England's Mr Consistent
A journey which began almost 12 years ago against a tough-as-nails Australian side reached its conclusion on the second day of the 2005 Ashes, when Graham Thorpe announced his retirement from international cricket. Thorpe has battled all sorts of bowlers in all sorts of conditions, and usually come away a winner. Here's a look at what the numbers say about England's Little Big Man:
The one aspect of Thorpe's career which has stood out has been his consistency. Success came early for him - in his debut Test, in fact, when he scored an unbeaten 114 in his second innings. A brief lull followed, during which period his average dipped to the early 30s, but it crept past the 40-mark in his 10th Test, and since then it's never fallen below 38. Since 2000, Thorpe's average for a calendar year has been at least 42 (except in 2005 so far, when he's only played four matches) - even when his personal life was in turmoil, Thorpe still churned out the runs whenever he played for England. (Click here for Thorpe's career summary.)
During this 12-year period, Thorpe's numbers look especially impressive against Australia. He missed 14 of the 30 matches played between the two teams, but when he did make it to the starting XI, he made a difference. In all Tests against Australia, Thorpe averaged 45.74, but when he played them in their own backyard, the average rose to 48.18. Since 1993, Vaughan is the only English batsman to do better against Australia, and he's only played five games against them. England might feel confident about the strength of their current batting line-up, but they'll still want Thorpe around when the first Ashes Test starts on July 21.
Only Ken Barrington has a higher average in England¹s post-war Test wins than Thorpe. This could mean Thorpe makes runs when victory is already certain but for most of his career England victories never seemed certain. Instead the statistic suggests two things: that Thorpe has played an unusual number of match-changing innings and that he often played in a weak side. When he failed, England failed too.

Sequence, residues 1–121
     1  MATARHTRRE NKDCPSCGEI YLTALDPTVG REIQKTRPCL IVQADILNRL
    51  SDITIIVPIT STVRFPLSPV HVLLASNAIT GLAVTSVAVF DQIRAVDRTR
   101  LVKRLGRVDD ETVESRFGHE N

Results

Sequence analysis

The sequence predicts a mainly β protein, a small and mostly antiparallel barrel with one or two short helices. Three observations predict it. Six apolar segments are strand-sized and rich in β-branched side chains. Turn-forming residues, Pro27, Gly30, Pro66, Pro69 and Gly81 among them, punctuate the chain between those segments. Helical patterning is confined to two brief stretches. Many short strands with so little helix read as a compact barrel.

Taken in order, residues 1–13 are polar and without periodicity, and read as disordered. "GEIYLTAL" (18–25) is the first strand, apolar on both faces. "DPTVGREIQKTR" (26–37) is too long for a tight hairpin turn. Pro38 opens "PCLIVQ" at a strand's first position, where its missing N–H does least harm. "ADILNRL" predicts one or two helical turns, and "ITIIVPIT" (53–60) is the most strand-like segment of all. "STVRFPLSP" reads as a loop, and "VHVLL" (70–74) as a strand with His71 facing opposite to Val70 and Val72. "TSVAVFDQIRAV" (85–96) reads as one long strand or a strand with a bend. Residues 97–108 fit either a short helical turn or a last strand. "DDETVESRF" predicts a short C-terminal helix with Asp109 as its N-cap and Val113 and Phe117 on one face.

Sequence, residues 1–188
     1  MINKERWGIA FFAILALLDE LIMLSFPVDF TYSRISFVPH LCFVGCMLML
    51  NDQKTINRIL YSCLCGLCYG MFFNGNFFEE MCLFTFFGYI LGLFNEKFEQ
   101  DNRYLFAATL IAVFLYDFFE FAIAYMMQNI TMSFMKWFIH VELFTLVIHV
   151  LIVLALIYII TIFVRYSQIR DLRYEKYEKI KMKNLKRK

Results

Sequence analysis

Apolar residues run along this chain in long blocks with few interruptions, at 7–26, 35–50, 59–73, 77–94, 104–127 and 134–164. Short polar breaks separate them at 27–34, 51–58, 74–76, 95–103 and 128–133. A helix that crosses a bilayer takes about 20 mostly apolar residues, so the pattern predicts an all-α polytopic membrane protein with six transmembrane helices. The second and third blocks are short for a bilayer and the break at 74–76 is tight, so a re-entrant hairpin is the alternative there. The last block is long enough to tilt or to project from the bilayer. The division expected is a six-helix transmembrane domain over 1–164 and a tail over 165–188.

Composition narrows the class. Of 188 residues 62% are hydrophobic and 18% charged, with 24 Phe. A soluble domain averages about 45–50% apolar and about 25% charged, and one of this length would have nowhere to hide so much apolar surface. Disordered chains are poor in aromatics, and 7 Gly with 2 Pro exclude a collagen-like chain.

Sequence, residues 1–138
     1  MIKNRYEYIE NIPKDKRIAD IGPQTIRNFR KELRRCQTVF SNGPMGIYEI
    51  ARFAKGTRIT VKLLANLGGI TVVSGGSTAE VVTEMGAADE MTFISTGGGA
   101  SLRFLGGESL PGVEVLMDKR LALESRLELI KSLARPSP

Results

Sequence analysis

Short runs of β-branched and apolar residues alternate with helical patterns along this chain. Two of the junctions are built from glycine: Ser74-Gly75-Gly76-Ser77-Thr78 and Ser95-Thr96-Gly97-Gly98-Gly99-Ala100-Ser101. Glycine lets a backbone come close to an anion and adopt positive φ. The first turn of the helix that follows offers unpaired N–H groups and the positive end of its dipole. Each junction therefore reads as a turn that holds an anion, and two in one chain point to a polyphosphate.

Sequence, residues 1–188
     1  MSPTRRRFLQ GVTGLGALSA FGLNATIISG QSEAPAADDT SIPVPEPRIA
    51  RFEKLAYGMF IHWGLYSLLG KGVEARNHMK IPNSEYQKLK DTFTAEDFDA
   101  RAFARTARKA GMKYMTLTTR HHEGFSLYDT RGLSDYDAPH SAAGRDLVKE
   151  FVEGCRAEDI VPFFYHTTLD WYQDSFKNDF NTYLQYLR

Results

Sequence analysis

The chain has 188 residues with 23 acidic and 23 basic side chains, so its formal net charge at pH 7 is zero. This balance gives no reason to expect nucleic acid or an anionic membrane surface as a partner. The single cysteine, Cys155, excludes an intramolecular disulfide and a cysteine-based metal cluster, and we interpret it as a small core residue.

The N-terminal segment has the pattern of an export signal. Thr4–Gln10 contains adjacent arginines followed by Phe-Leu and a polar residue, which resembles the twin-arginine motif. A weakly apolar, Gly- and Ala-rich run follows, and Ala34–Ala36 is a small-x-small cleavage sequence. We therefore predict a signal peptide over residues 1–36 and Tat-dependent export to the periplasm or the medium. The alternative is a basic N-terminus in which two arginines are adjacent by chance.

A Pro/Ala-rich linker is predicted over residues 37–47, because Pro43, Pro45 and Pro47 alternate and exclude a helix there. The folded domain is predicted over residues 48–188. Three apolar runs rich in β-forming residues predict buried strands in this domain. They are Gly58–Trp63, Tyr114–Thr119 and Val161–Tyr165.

|In England wins||Innings||Runs||Average|
Highest of the high fives
Ostensibly Thorpe has been the ultimate No. 4: fearless counter-attacker and rugged scrapper rolled into one small bundle of defiance. But the numbers tell a different story: he is the most productive No. 5 in England¹s Test history by some distance and his average there is much higher than anywhere else. Perhaps he should not be moved up the order to accommodate Kevin Pietersen after all.
|England's top No.5s
(by runs scored)
|Graham Thorpe||3265||54.41||10/ 17|
|Colin Cowdrey||2377||49.52||6/ 16|
|David Gower||2131||49.55||7/ 8|
|Allan Lamb||1803||40.06||5/ 8|
|Keith Fletcher||1774||46.68||5/ 9|
At the end of the 20th century English batsmen took to Test cricket like Superman to Kryptonite with one exception. Whereas no other specialist batsman scored more than 33 on debut during the 1990s, Thorpe bashed that fabulous century against the Aussies at Trent Bridge. Sometimes it is safe to judge a book by its cover.
|Average debut scores||Australia||England|
Thorpe is pretty adept against fast bowling, but his stats against spin are quite awesome. And he's done well in the subcontinent against the slow bowlers as well - the only bowler who has clearly got the better of him is Muttiah Muralitharan.
|Since September 2001||Runs/ Dismissals||Average|
|v Pace||1464/ 30||48.80|
|v Spin||716/ 11||65.09|
|v Spin in subcontinent||281/ 7||40.14|
|v Muralitharan||110/ 5||22.00|
|v Kumble||68/ 2||34.00|
Rob Smyth is a freelance writer based in London. S Rajesh is assistant editor of Cricinfo